Apple has posted record earnings for the third quarter of 2012, beating its previous milestones for iPad, iPhone and Mac sales.
But the earnings still managed to miss the expectations of some financial analysts, who had hoped for even more from the company.
Fresh from announcing its new iPad Mini tablet and new iMac and Macbook Pro laptops, Apple said its profits for the three months to 29 September were $8.2bn, up 27% on the same quarter in 2011.
It added that its profits for the year had hit $41bn, up 45% on 2011.
Quarterly revenue stood at $36bn, compared to $28.3bn a year ago, and the company sold 14m iPads (+26%),; 26.9m iPhones (+58%) and 4.9m Macs (+1%).
Apple now has $121.3bn in cash and long-term securities.
However the company saw continuing declines in its iPod music player business, selling 5.3m units, down 19%.
And the earnings failed to mollify Wall Street Analysts, who had expected stronger iPad sales. The website Business Insider claimed the iPad figure was "truly awful" after analysts had hoped for sales of at least 17.5m - despite the company selling about 3m more iPads over the same period in 2011.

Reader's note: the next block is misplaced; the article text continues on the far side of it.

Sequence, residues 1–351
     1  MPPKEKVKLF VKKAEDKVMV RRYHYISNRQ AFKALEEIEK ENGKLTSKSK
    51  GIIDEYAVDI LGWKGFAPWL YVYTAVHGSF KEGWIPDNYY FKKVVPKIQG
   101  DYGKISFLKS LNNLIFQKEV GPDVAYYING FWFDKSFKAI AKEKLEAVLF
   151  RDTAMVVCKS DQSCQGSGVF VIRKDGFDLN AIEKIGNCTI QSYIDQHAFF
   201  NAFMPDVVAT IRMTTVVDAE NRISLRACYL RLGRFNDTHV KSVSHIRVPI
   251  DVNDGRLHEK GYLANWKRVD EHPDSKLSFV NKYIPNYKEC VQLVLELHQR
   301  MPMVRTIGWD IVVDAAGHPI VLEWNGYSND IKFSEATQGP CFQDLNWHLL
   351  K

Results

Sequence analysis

Apple said the disparity was partially down to slowing sales ahead of the widely-expected iPad Mini announcement, and the transition to the new fourth generation iPad.
Shaw Wu, analyst at Sterne Agee, told the BBC: "The iPhones came in better than expected."
"The shortfall was on the iPad for two reasons. There was a pause on the iPad ahead of the iPad Mini. Everyone was waiting for that. Then they replaced the third generation iPad with the fourth generation."
Apple said that it was confident it would have a strong Christmas.
"We're very proud to end a fantastic fiscal year with record September quarter results," said Tim Cook, Apple's CEO.
"We're entering this holiday season with the best iPhone, iPad, Mac and iPod products ever, and we remain very confident in our new product pipeline."
Meanwhile, pre-orders for the iPad Mini tablet went live on Friday, with many models already indicating longer than expected delivery times - suggesting there is strong interest in the new device.
After the earnings call, Cook addressed comments made in 2010 by the company's late founder Steve Jobs that it would never make a seven-inch tablet.
Cook stood by the remarks, saying that the iPad Mini was in a "whole different league".
"We would not make one of the seven inch tablets. We don't think they're good products, and we would never make one. Not just because it's seven inches, but for many reasons. One of the reasons, however, is size."